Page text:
In Ex parte Dong, the Board found that the lack of biological data for prior art compound was not fatal for selecting one of the compounds as a lead, effectively ignoring the LCA: "[w]e are not persuaded, however, that [the lead compound cases] mandate that the only compounds useful for evaluating obviousness are those for which the prior art had provided specific comparative data."[xi]

The Tide Has Turned—the LCA is Faring Well for Patent Owners in IPRs

Despite this initial reluctance to accept the LCA, the Board has been operating under a strict LCA framework in IPR proceedings – which appears may lead to more denials of institution for patent owners or at least patent owner wins at final written decision. So petitioners need to better address LCA in their petition to increase their change for success.

In Sawai USA v. Nissan Chemical Industries LTD., the Board denied institution, finding that because the prior art "does not disclose any biological or pharmacokinetic data" for the alleged lead compound, the prior art "provides no suggestion that this compound … should serve as a lead compound."[xii] The Board continued to state that "structural similarities alone are not enough to inform a lead compound selection," expressly rejecting the Dillon approach.[xiii]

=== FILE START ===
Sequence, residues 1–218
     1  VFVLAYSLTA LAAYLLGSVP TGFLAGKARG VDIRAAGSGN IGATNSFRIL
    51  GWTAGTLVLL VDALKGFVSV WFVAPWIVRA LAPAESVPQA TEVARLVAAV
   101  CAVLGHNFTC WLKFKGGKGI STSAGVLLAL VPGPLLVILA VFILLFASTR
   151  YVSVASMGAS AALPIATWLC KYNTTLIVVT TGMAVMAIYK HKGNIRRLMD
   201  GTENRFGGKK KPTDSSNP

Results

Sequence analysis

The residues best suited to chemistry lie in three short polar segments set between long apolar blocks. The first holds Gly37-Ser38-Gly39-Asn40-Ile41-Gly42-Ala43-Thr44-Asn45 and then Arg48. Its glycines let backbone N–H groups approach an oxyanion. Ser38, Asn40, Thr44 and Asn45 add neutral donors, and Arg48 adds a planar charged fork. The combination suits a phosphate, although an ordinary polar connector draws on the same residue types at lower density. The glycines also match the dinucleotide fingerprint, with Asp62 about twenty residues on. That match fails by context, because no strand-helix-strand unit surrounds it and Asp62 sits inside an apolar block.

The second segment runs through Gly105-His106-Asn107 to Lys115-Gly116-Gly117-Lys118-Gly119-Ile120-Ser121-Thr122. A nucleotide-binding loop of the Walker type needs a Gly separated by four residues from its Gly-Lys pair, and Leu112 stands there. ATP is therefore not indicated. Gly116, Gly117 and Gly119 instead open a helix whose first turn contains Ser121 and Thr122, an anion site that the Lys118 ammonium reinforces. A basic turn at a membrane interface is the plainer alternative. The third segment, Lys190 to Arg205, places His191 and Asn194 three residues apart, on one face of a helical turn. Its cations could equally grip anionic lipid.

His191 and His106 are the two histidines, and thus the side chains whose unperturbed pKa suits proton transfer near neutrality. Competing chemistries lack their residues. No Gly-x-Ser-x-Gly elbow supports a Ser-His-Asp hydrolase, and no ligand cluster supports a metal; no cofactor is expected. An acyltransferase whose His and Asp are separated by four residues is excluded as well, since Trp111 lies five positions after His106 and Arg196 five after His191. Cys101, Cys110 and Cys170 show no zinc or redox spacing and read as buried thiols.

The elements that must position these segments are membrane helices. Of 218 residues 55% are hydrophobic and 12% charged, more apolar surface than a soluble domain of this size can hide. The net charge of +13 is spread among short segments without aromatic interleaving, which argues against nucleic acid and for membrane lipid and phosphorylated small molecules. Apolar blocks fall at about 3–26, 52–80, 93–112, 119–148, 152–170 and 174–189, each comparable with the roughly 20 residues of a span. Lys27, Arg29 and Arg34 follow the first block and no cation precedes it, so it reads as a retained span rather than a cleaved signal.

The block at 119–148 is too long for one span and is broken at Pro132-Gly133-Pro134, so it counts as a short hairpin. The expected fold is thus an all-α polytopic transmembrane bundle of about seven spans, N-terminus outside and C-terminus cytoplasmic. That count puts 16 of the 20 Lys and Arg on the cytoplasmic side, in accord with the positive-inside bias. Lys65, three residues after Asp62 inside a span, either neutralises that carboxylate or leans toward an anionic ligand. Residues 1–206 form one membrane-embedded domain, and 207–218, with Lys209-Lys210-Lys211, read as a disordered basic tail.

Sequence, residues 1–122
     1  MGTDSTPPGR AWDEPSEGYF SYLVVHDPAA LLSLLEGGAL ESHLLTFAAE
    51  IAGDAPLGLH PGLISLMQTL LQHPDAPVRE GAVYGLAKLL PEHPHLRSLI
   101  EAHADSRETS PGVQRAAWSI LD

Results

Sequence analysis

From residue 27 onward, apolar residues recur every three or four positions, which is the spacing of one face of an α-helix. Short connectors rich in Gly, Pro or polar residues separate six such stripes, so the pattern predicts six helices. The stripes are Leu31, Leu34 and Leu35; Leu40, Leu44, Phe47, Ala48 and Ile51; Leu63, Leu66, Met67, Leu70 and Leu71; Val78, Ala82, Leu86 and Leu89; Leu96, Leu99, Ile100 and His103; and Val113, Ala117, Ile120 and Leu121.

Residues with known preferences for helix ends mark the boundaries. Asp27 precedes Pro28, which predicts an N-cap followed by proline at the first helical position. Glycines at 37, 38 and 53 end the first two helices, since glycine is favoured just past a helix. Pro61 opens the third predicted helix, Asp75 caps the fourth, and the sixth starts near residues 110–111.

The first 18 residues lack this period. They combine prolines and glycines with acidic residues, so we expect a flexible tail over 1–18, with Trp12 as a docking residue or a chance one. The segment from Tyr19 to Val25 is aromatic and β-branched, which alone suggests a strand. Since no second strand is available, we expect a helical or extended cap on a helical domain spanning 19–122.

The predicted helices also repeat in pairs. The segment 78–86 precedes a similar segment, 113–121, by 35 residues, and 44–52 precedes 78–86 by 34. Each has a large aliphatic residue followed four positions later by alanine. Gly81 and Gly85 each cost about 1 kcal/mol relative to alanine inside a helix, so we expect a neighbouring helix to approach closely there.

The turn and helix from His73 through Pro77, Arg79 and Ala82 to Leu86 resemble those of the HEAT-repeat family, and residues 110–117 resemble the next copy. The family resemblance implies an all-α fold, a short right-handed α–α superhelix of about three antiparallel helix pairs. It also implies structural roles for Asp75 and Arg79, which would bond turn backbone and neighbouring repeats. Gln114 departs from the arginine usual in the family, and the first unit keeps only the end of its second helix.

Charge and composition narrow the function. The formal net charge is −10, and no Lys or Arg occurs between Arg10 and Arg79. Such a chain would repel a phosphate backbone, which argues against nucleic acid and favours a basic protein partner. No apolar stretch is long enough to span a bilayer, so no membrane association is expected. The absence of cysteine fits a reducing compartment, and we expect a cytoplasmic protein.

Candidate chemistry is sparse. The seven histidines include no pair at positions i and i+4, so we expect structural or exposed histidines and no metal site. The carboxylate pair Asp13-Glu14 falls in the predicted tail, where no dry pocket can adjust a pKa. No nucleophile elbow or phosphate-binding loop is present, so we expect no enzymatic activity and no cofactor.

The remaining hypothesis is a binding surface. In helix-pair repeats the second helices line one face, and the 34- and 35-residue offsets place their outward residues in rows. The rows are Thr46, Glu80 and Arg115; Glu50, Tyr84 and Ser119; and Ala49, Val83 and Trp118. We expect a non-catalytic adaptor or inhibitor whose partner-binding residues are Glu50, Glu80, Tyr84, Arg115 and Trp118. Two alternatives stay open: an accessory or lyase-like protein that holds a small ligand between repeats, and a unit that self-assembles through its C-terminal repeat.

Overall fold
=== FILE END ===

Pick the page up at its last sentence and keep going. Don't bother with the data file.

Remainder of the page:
In Mylan Laboratories Limited v. Aventis Pharma S.A., the Board similarly found that there was no evidence to establish "whether a particular compound performs better or worse than [another prior art compound]," thus rejecting petitioner obviousness arguments.[xiv]

In Fustibal LLC v. Bayer Healthcare LLC, the Board denied institution because "the Petitioner nowhere engages in a 'lead compound analysis' and … merely assumes—without explanation—that the POSA would select [the lead compound] for modification."[xv]

Most recently, in Incyte Corporation v. Concert Pharmaceutical, Inc., the Board denied institution because petitioner failed to show that a POSA would have selected the alleged prior art compound as the lead.[xvi] According to the Board, it was not enough that the alleged lead compound was FDA approved because it did not distinguish it "from the panoply of known compounds in the prior art."[xvii]

All-in-all, the trend is clear—the Board is now strictly adhering to a lead compound framework when assessing obviousness of chemical compounds in AIA proceeds, and during prosecution. Thus, the predictions that chemical compound challenges might be more successful in AIA proceedings—based largely on Board's decisions in ex parte appeals—have not materialized. And both sides of the “v” need to take this into consideration to be successful.

[i] In re Dillon, 919 F.2d 688 (Fed. Circ. 1990).
[ii] Id. at 692.
[iii] Id.
[iv] Yamanouchi Pharm. Co., Ltd. v. Danbury Pharmacal, Inc., 231 f.3d 1339 9Fed. Cir. 2000).
[v] Otsuka Pharm. Co. Ltd. v. Sandoz Inc., 678 F.3d 1280, 1291 (Fed. Cir. 2012)|
[vi] Ex parte Cao, Appeal 2010-004081 (BPAI Sept. 19 2011).
[vii] Id. at 7-8.
[viii] Ex parte Mayorga, Appeal 2010-012157 (BPAI Sept. 29, 2011)
[ix] Id. at 8.
[x] Ex parte Gaul, Appeal 2011-010047, at 6 (BPAI Jan. 28, 2013)
[xi] Ex parte Dong, Appeal 2011-010047, at 6-7 (PTAB Jan. 28, 2013)
[xii] IPR2015-01647, Paper 9 at 14.
[xiii] Id.
[xiv] IPR2016-00627, Paper 10 at 12.
[xv] IPR2016-01490, Paper 9, at 17.
[xvi] IPR2017-01256, Paper 9, at 17.
[xvii] Id.


This article appeared in the December 2017 issue of PTAB Strategies and Insights. To view our past issues, as well as other firm newsletters, please click here.